One question I would have about the secondhand smoke study is whether the researchers "controlled" for household income, parental education levels, and every other factor that could possibly explain the results. In other words, it could be that the parents who are careful about not smoking at all or not smoking around their kids also are more likely to work harder with them on their homework -- it isn't necessarily the physical effects of second-hand smoke that hurts the kids' math and reading scores, but the fact that their parents are not quite as focused on the kids' daily needs. Since people can't be studied in a pure "double blind" way like lab rats (you can't randomly assign 1000 households to smoke and antoher 1000 not to, and make sure that starting income, education, etcs. are identical), there is a big question mark next to every study that tries to correlate one factor to another factor. Correlation is not causation. Stickly asphalt may tend to happen on the same days as hot weather (correlation), but sticky asphalt doesn't cause hot weather. Maybe it's not smoke that hurt the kids' reading & math skills -- maybe the parents' poorer reading & match skills caused them (a) to smoke and (b) to not be quite as adept at helping with their kids' reading & math homework.

I think the single most important thing to do when reading statistics is to ask oneself whether the source of the statistic has a reason to exaggerate -- even the reason you identified, that they want to sell their magazine or newspaper.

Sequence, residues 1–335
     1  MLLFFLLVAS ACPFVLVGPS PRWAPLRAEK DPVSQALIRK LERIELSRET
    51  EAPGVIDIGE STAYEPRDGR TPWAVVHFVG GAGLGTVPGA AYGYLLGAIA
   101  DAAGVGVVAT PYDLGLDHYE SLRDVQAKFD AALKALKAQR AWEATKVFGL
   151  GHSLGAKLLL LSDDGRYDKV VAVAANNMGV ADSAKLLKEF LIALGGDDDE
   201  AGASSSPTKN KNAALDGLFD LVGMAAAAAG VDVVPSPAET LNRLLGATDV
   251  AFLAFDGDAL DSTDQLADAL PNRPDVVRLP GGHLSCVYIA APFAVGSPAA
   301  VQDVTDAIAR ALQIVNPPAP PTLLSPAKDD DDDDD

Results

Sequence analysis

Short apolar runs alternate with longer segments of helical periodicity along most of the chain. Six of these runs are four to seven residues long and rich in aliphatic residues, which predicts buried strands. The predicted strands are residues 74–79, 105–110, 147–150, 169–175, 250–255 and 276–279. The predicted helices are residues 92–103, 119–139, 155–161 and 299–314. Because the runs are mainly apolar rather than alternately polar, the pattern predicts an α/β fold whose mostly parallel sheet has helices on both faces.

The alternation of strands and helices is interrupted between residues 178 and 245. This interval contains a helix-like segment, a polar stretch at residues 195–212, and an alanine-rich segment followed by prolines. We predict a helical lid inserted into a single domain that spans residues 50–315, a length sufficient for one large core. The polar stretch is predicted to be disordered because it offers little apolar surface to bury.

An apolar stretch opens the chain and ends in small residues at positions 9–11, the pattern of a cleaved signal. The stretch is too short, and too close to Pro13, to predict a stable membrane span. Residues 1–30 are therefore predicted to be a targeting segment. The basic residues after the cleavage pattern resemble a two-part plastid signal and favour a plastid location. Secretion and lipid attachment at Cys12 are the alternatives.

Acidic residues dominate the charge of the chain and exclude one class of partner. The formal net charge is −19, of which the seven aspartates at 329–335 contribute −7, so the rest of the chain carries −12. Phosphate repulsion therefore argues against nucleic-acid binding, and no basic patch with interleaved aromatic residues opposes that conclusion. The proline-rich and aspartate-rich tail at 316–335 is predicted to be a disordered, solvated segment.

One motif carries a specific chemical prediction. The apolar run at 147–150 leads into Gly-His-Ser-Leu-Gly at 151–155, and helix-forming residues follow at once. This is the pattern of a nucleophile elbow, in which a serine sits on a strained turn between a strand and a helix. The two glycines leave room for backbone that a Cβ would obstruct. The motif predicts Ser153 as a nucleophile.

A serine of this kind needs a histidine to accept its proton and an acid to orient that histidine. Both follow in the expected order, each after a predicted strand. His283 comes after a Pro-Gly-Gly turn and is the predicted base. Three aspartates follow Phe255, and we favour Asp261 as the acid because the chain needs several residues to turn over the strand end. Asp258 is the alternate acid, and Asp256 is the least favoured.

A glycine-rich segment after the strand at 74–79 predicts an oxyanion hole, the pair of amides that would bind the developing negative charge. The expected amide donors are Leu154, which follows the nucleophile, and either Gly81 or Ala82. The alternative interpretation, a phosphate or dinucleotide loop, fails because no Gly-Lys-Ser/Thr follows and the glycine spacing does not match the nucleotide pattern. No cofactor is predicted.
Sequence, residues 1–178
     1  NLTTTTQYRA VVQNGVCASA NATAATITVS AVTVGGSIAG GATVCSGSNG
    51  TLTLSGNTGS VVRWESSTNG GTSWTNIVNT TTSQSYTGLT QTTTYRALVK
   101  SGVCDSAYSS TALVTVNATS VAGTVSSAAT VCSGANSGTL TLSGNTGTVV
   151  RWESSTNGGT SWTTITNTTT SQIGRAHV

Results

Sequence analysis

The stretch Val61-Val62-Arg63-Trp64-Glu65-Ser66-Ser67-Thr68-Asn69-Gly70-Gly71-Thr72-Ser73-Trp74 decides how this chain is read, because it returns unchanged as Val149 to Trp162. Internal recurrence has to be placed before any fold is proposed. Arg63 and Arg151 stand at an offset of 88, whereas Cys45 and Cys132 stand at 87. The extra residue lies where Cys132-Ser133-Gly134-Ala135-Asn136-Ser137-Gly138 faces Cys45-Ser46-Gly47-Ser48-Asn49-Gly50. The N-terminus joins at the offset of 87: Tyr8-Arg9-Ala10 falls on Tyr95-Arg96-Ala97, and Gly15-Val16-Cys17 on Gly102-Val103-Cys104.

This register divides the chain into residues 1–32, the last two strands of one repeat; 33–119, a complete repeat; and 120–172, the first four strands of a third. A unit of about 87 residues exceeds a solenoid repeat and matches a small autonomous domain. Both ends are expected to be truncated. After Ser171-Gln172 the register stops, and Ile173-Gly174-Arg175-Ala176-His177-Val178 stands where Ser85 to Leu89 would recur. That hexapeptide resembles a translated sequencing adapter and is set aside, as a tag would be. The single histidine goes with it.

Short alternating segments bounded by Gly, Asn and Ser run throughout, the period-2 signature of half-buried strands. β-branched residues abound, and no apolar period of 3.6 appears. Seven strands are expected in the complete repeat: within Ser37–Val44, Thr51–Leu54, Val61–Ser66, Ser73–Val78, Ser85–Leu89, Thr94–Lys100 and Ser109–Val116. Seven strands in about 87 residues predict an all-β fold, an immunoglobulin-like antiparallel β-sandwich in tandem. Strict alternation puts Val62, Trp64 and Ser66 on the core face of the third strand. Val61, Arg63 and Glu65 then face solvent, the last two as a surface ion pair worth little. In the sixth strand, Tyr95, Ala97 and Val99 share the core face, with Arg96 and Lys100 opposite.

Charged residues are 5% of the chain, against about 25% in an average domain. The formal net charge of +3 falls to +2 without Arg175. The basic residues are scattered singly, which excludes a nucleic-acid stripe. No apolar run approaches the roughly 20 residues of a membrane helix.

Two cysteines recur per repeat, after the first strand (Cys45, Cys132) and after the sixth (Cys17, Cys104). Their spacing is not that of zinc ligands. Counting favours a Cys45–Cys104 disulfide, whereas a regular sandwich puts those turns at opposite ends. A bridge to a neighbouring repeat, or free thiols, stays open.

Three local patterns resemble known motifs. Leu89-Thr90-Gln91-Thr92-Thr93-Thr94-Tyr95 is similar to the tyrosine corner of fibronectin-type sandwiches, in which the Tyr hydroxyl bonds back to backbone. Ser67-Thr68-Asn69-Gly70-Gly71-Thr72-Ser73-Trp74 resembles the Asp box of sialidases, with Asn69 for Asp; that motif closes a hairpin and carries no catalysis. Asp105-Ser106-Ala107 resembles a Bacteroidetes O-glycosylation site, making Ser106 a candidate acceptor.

Some people, including many journalists, think that there is no harm in exaggerating certain things, such as the harm of secondhand smoke, because after all we know that smoking isn't good for you anyway. The problem is that when people exaggerate, there are always unintended negative side effects. For example, a person who realizes that they survived second hand smoke just fine might be more inclined to think that warnings about the dangers of sharing intravenous needles might be exaggerated too -- and then they end up with hepatitis or HIV.

Exaggarating bad news is like "crying wolf" too often --after a while nobody believes it anymore. That can end up hurting everybody when a real threat comes along.

Statistics are like a knife: properly used they are extremely valuable, even indispensible. Improperly used, they can injure people.

Even the devil can quote the bible to his own ends, they say. The same is true of statistics.


I, too, subscribe to Parents and read that article you were talking about. I was exposed to second-hand smoke when I was younger, but does that mean I was bad at math? No. I think at some point, common sense has to take the place of all these studies and statistics. I'm glad someone did a study to find out about the causes of SIDS, but I could care less about the studies that show exposure to music at X age causes X increase in SAT scores (for example). I will raise my daughter to the best of my ability, and our lives won't cater to the studies!